The Original 'Cat's Eye'
18th Anniversary Gemstone.
Like the eye of a sleek feline predator, the Chrysoberyl "Cat's Eye" is a real miracle in nature.   Only this gemstone has the right to the name of "cat's eye".   This gem is really something special with its narrow, bright band of light on a shimmering golden background, which seems to glide magically across the surface when the stone is moved.   Translucent yellowish chatoyant Chrysoberyl is called Cymophane or  Cat's Eye.   Cymophane has its derivation from the Greek words meaning 'wave' and 'appearance', in reference to the chatoyancy sometimes exhibited.   In this variety, microscopic tubelike cavities or needlelike inclusions of rutile occur in an orientation parallel to the c-axis producing a chatoyant effect visible as a single ray of light passing across the crystal.   This effect is best seen in gemstones cut in cabochon form perpendicular to the c-axis.      (Cat's eye effects can also occur in other gemstones which must then be referenced by adding the name of the gemstone (i.e. Quartz cat's eye, etc.)
Gems lacking the silky inclusions required to produce the cat's eye effect are usually faceted.   An Alexandrite cat's eye is a Chrysoberyl cat's eye that changes color.   "Milk and honey" is a term commonly used to describe the color of the best cat's eyes.   The effect refers to the sharp milky ray of white light normally crossing the cabochon as a center line along its length and overlying the honey colored background.   The honey color is considered to be top-grade by many gemologists, but the lemon yellow colors are also popular and attractive.   Cat's eye material is found as a small percentage of the overall Chrysoberyl production.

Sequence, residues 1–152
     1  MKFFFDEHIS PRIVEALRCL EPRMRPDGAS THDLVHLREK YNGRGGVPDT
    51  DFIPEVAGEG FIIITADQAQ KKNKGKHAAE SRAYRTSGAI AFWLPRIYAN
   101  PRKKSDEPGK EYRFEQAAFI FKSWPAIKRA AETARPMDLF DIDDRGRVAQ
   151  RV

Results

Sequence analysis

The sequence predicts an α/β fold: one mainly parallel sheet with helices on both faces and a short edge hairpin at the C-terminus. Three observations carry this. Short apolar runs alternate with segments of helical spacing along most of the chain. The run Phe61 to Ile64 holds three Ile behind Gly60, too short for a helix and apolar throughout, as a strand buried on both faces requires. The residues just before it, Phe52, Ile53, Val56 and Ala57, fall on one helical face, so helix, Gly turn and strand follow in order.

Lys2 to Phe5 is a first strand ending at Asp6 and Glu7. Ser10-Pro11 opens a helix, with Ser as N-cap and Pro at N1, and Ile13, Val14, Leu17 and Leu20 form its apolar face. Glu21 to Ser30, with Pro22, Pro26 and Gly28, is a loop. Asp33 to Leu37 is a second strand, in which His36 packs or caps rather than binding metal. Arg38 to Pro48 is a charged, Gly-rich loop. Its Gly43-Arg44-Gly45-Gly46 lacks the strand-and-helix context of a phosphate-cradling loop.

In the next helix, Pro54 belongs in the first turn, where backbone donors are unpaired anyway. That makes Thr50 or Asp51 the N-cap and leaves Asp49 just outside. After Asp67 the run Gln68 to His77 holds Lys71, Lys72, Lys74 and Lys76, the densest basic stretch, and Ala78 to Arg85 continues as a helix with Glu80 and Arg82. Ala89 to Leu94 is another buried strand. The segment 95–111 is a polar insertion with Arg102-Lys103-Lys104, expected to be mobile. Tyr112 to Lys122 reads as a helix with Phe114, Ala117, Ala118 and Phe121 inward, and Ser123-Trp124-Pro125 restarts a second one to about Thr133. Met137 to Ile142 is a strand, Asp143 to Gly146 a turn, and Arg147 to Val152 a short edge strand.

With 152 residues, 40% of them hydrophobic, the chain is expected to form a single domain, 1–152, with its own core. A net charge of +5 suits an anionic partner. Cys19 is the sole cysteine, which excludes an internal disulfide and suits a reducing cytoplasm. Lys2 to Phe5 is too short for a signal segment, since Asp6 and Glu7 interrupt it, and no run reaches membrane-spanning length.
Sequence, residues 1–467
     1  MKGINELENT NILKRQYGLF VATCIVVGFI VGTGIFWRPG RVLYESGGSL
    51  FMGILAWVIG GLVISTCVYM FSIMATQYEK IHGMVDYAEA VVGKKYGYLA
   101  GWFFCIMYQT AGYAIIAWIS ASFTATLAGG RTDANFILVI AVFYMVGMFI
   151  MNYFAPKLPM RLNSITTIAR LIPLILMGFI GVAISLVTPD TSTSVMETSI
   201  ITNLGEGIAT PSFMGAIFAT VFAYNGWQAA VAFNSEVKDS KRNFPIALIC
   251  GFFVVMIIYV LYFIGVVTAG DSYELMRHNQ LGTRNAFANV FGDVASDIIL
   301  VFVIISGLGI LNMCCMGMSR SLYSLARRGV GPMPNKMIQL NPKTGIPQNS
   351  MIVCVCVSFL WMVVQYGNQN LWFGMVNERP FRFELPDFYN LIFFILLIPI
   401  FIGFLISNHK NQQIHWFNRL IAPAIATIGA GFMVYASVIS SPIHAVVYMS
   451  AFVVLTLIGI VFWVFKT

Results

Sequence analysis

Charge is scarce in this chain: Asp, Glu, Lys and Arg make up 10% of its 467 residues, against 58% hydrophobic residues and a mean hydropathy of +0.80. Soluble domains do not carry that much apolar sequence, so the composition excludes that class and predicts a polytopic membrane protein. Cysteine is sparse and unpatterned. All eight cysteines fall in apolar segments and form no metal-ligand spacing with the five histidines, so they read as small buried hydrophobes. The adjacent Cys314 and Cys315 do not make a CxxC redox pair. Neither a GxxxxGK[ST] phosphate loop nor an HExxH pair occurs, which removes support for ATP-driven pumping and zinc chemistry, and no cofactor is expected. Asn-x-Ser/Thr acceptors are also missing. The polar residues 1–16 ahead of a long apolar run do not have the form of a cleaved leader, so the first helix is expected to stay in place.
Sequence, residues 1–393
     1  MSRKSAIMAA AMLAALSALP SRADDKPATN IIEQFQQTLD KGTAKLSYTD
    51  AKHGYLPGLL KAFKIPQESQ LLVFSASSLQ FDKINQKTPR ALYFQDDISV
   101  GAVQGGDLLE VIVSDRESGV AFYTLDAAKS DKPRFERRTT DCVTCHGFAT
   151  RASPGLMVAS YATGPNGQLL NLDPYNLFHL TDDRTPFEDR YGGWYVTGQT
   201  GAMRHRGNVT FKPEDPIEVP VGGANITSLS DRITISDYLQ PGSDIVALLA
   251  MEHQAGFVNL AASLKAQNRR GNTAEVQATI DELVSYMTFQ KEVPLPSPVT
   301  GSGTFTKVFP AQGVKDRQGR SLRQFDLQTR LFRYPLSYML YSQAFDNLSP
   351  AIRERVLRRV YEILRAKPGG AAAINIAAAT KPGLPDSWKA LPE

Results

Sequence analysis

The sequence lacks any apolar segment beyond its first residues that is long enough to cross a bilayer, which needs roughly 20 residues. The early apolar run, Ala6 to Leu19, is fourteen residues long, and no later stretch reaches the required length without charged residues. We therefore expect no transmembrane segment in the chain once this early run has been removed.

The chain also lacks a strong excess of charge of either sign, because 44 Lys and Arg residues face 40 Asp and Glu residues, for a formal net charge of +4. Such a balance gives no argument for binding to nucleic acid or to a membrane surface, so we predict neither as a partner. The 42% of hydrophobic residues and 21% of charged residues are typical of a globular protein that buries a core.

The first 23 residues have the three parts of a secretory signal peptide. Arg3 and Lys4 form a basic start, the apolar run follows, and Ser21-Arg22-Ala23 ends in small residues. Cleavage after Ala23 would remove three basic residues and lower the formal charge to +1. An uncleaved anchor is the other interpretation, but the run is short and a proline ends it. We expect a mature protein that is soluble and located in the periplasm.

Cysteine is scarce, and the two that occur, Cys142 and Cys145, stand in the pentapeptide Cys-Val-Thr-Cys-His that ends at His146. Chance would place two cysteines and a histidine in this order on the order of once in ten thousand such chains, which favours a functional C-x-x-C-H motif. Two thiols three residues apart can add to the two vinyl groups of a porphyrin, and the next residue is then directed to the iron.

Cat's eye really became popular by the end of the 19th century when the Duke of Connaught gave a ring with a cat's eye as an engagement token; this was sufficient to make the stone more popular and increase its value greatly.   Until that time, cat's eye had predominantly been present in gem and mineral collections.   The increased demand in turn created an intensified search for it in Sri Lanka.
Often, the name Chrysoberyl is spoken in the same breath as that of the Beryl group which include the Emerald and Aquamarine.   The name 'Chrysoberyl' comes from the Greek words chrysos and beryllos meaning 'gold-white spar'.   Despite the similarity of their names Chrysoberyl and Beryl are two completely different gemstones.   During the Victorian and Edwardian eras Chrysoberyl was referred to as "Chrysolite", causing some confusion as this is the same name used for the mineral Olivine, or Peridot.   That name is no longer used in the gemological nomenclature.
Chrysoberyl together with Alexandrite form an independent gemstone category, in which Alexandrite is regarded as the more attractive due to its color changes, though it is definitely the Chrysoberyl Cat's Eye which is entitled to that acclaim.
The Chrysoberyls are aluminium oxide containing beryllium, and thus actually have little in common with the Beryls, which belong to the silicate family.    With their excellent hardness of 8.5 on the Mohs scale (third in the hardness scale), they are clearly superior.    Normally, Chrysoberyls are  yellow in many hues ranging from lemon to greenish yellow, and in honey colors and shades which range from mint to brownish green due to the presence of iron.   They are mostly found in the gemstone deposits of Brazil, Sri Lanka or East Africa.
Among the most beautiful things that God has created, again and again Chrysoberyl cat's eyes fire the enthusiasm of those who are looking for something individual and unique.   Cat's eyes are also well suited to being worn as jewelry by men.
GB Jewelers, Inc.
Under the Clock Tower
675 SE Marlin Avenue, Suite 1  /  PO Box 999
Warrenton, OR 97146

Latitude:  46.159033 / Longitude: -123.9055280
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We are closed on Christmas Day and on New Years Day every year.
Copyright 1974